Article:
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NYT: Romney's role has been one of faith and authority

In ticking off his credentials on the campaign trail — management consultant, businessman, governor — Mitt Romney omits what may have been his most distinctive post: Mormon lay leader, offering pastoral guidance on all manner of human affairs from marriage to divorce, abortion, adoption, addiction, unemployment and even business disputes.

Bryce Clark was a recipient of Mr. Romney’s spiritual advice. Late one summer night in 1993, distraught over his descent into alcoholism and drug use, Mr. Clark, then a 19-year-old college student, decided to confess that he had strayed from his Mormon faith. So he drove through this well-heeled Boston suburb to Mr. Romney’s secluded seven-bedroom home.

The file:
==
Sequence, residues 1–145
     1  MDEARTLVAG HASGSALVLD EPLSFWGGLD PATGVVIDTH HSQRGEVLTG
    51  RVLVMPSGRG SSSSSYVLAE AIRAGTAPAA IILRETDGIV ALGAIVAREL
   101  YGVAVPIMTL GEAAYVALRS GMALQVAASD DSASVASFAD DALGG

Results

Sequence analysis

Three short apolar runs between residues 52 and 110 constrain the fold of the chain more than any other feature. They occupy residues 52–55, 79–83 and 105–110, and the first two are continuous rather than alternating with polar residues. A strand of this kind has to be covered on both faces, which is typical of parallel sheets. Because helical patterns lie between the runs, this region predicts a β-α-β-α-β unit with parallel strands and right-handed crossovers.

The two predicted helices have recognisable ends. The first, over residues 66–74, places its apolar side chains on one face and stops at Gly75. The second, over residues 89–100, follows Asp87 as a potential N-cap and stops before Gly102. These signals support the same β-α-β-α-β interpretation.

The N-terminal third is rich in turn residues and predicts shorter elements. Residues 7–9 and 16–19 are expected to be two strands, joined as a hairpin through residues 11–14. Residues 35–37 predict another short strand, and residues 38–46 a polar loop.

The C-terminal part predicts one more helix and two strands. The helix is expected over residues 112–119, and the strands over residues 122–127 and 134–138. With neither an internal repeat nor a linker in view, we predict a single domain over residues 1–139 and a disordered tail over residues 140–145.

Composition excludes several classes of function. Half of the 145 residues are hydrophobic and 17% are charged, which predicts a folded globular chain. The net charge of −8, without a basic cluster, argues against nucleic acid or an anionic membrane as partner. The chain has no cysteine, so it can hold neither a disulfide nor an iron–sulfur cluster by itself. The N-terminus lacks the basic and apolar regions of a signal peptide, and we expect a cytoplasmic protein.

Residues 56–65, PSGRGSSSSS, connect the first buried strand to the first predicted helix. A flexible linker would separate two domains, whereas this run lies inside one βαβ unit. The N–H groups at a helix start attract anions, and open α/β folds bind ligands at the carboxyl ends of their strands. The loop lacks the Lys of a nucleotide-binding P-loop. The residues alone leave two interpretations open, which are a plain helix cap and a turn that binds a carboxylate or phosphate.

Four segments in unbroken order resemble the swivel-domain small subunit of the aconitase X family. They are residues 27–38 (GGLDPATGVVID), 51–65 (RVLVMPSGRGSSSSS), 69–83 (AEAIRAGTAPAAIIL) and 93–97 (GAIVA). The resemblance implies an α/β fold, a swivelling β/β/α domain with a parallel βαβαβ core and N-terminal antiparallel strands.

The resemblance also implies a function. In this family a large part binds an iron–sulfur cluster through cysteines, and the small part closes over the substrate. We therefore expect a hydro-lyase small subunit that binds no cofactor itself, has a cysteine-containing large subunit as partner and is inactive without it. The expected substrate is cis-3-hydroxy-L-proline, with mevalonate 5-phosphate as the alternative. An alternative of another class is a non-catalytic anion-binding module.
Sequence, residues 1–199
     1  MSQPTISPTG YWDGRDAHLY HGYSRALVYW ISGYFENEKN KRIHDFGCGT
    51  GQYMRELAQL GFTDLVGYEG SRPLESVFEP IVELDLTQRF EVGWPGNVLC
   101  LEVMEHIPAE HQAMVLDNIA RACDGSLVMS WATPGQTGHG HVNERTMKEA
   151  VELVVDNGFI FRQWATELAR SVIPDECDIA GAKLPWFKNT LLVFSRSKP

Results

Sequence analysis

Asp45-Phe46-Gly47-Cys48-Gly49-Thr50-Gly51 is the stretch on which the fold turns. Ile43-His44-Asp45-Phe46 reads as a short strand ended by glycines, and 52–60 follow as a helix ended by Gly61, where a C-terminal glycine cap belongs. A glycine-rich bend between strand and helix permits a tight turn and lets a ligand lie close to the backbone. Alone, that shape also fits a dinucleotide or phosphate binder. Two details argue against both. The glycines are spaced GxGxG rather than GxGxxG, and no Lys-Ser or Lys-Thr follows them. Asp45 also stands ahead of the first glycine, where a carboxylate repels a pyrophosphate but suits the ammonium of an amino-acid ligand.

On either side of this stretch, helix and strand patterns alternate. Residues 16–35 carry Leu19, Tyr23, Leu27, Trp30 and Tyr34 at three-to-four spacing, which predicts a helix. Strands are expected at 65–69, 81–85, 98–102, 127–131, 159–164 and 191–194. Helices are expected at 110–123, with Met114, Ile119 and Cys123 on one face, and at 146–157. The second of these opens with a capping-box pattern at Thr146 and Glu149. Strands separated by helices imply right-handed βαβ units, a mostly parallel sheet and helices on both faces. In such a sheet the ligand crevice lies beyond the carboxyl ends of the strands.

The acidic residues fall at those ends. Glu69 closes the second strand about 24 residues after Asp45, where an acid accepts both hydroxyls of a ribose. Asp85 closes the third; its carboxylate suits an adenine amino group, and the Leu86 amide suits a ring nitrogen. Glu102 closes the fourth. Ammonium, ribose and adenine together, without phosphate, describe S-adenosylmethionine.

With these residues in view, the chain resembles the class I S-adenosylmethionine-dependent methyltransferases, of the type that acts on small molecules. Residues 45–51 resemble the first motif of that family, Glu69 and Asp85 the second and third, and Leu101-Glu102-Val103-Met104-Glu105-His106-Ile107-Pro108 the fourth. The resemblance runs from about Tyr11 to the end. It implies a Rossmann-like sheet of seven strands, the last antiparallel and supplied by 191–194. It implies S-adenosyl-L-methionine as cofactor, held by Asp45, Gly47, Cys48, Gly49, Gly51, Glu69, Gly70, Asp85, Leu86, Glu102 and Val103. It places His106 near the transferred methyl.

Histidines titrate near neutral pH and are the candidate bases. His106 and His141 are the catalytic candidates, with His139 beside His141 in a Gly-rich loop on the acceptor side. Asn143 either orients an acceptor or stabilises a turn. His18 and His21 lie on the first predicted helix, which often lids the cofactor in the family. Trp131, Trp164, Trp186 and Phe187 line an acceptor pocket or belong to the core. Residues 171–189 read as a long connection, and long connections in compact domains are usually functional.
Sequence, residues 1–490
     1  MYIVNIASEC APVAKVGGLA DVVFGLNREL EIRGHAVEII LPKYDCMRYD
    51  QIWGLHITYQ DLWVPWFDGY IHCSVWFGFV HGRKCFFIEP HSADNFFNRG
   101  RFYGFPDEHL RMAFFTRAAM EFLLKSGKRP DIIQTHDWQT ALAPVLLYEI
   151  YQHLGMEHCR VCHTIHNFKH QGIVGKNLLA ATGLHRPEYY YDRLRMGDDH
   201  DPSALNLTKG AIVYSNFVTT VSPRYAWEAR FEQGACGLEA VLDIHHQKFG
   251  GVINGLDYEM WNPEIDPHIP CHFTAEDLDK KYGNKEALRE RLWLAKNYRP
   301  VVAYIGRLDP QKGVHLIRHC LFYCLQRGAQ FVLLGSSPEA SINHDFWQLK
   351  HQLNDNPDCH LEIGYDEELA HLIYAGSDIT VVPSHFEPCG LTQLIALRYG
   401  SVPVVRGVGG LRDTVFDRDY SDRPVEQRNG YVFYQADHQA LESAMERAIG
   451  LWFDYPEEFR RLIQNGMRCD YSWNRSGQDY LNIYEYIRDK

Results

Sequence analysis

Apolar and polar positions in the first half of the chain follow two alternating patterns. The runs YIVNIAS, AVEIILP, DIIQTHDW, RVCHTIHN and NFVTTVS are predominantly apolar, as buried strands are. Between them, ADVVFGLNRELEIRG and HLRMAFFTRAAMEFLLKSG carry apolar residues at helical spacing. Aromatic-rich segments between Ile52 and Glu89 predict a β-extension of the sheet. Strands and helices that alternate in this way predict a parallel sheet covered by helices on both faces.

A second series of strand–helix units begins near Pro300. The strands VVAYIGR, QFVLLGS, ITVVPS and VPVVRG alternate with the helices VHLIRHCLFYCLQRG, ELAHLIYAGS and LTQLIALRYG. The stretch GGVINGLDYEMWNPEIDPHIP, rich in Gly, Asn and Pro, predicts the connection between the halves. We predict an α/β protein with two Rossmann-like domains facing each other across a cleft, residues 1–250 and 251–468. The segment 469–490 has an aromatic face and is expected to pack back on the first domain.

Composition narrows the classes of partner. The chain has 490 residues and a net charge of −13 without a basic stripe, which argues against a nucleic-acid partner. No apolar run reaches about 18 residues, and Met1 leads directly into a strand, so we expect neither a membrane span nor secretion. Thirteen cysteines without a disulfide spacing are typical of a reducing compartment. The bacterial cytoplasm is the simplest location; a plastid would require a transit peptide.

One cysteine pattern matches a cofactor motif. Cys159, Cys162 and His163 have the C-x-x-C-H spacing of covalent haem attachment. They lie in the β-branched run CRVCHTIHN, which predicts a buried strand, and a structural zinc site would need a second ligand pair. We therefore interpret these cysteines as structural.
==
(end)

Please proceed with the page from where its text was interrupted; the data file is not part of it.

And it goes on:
As the highest-ranking Mormon leader in Boston, Mr. Romney was responsible for determining whether Mr. Clark was spiritually fit for a mission, a rite of passage for young Mormon men. Mr. Clark had previously lied to him, insisting that he was eligible to go. But instead of condemnation that night, Mr. Clark said, Mr. Romney offered counsel that the younger man has clung to for years.

Read the rest of this story at nytimes.com
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